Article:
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Best Video Card??

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15 comments

  • Merle Becker

    Rick, in that Nvidia 3060 is the Open GL installed in or part of that video card. Also was yr. upgraded power supply the 1050 or was that your based before the upgrade.  Thanks  Merle Becker

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  • Brian Lawson Community moderator

    Do a search for video card on these forums to see what others have recommend in the recent past.

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  • Bill Hercus

    Good point but looking to be a bit more specific, hopefully.

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  • Brian Lawson Community moderator

    This question gets asked frequently enough if he answers will be quite specific. Take a look I can’t look it up for you right now because I’m not at home.

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  • Rick Sammartino Community moderator

    I'm quite happy with my NVIDIA GeForce RTX 3060 (12.0 GB).

    It was the best I could afford at the time. I made sure it had a lot of Vram so that it will still work for as long as possible.

    Note; I needed to upgrade the power supply (1050W) to accommodate the higher power of this GPU.

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  • Merle Becker

    Rick, in that Nvidia 3060 is the Open GL installed in or part of that video card. Also was yr. upgraded power supply the 1050 or was that your based before the upgrade.  Thanks  Merle Becker

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  • Brian Lawson Community moderator

    OpenGL is a library loaded into your OS for the video card to use. Video card drivers MAY include updated OpenGL code but it isn't something that is a part of the card. The card's drivers make calls to the OpenGL routines to do the image processing and display.

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  • Rick Sammartino Community moderator

    Merle,

    Probably what Brian said. I know OpenGL is supported, but I don't know where it came from.

    I upgraded to 1050W. The specs say the GPU needs 650W but need to account for the motherboard, CPU, and everything else as well. My previous P/S was 750W.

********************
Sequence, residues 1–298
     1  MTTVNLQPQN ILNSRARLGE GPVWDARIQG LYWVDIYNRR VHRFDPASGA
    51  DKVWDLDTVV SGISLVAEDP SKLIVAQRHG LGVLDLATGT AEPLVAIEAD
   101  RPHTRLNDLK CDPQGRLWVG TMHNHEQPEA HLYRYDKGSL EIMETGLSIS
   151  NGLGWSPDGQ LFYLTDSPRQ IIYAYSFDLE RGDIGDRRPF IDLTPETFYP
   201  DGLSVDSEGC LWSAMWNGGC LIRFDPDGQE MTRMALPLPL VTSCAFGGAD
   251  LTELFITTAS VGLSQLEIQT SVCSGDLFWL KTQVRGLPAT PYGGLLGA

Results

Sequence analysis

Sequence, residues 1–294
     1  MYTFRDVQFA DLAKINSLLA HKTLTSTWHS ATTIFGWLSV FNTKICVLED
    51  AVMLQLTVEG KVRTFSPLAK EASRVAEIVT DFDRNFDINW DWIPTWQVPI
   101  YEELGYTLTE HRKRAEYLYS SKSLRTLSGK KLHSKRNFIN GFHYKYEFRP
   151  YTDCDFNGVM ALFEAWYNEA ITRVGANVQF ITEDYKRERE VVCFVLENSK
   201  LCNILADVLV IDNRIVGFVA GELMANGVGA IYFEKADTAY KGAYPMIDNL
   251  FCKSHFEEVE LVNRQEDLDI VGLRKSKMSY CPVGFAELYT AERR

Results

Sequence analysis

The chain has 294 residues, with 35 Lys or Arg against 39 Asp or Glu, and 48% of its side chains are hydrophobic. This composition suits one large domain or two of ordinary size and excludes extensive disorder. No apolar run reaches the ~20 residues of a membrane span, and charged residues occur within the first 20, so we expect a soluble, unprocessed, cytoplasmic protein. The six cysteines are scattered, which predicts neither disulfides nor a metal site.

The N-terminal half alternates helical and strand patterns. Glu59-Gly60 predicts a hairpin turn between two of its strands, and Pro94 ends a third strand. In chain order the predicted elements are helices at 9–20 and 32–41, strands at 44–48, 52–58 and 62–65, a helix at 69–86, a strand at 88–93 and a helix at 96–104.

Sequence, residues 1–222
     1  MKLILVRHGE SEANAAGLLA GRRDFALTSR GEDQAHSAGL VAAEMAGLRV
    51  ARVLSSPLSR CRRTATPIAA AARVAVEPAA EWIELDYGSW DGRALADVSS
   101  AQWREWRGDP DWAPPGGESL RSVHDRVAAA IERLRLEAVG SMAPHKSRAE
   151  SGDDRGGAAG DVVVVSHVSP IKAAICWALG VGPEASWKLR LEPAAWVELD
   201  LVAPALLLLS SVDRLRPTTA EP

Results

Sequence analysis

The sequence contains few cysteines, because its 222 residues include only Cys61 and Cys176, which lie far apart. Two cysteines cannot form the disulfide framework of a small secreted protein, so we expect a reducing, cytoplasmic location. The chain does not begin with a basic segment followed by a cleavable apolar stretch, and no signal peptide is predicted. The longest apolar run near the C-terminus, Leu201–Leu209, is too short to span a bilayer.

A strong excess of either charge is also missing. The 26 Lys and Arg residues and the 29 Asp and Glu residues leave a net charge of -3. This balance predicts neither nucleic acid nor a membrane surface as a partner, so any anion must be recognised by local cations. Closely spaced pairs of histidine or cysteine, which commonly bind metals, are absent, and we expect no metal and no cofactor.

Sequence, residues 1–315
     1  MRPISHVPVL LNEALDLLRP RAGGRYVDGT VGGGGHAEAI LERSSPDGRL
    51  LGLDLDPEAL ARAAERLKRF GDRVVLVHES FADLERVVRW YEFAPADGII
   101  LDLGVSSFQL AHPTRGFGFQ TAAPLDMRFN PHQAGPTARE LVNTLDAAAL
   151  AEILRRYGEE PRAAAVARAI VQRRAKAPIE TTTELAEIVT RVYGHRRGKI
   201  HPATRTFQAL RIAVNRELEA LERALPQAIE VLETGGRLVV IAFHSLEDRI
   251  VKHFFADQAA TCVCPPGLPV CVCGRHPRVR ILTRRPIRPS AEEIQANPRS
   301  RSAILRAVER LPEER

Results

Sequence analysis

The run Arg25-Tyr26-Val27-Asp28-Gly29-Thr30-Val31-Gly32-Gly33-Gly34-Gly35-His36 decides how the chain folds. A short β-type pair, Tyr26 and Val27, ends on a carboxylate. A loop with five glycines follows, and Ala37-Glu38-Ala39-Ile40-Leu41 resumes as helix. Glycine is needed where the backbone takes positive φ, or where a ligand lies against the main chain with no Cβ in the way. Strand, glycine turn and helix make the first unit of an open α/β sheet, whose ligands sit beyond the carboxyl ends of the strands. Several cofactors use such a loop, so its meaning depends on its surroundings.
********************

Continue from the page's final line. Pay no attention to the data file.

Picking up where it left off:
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  • Vinny Giannino

    If you are an older store bought computer more than likely you have a low powered power supply and it may not have the required cabling for a modern GPU. As far as "best" the only criteria that's out there is for gaming and I think Nvidea and AMD are roughly the same. I have a RX580 that was I think was first out in 2017 with 8 Gb of VRAM. If I were to buy today I would buy a video card with at least 12 Gb, maybe even 16 Gb of VRAM to make sure it can handle future requirements.

    If you find a video card you're interested in you can go the the Nvidea or AMD website and see what version of OpenCL it can handle. I would imagine that all modern video cards can handle the latest software, whatever is needed. As Rick and Brian said, doing a software update on the video drivers will update what the card can handle.

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  • Ken

    Just a quick comment on power supply requirements for an Nvidia 3060.  The manufacturer's 650 watt spec requires to requirements for supporting the entire system not just the GPU.  A 3060 only draws about 200 watts, even under load.  FYI, I run an RTX 3070 (draws more power than a 3060) and an i5-13600 (which draws considerably more than power than the Ryzen 5600) on a 650 watt power supply with no issues.  BTW, On1 runs great on that system - absolutely no complaints regarding performance.

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  • Konik

    same here, running R5 5600x and nvidia 3060 on a 600W power supply

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  • Lou Gross

    There is a new Nvidia card: RTX 4060 with 8GB of video RAM for $299.  Or the GTX 1060 6GB for $249+. For $229 there is the GTX 1660 Super with 6 GB.  Of course, if you can spend more, there are 12 GB cards (RTX 3060) starting at $329.

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  • Roger Berry

    Hello All,

    A quick FYI first. As of May 27 there are deals on the 30 series Nvidia cards. I am tempted to order the MSI 3060 with 12GB of VRAM for $280 in advance of my planned computer build.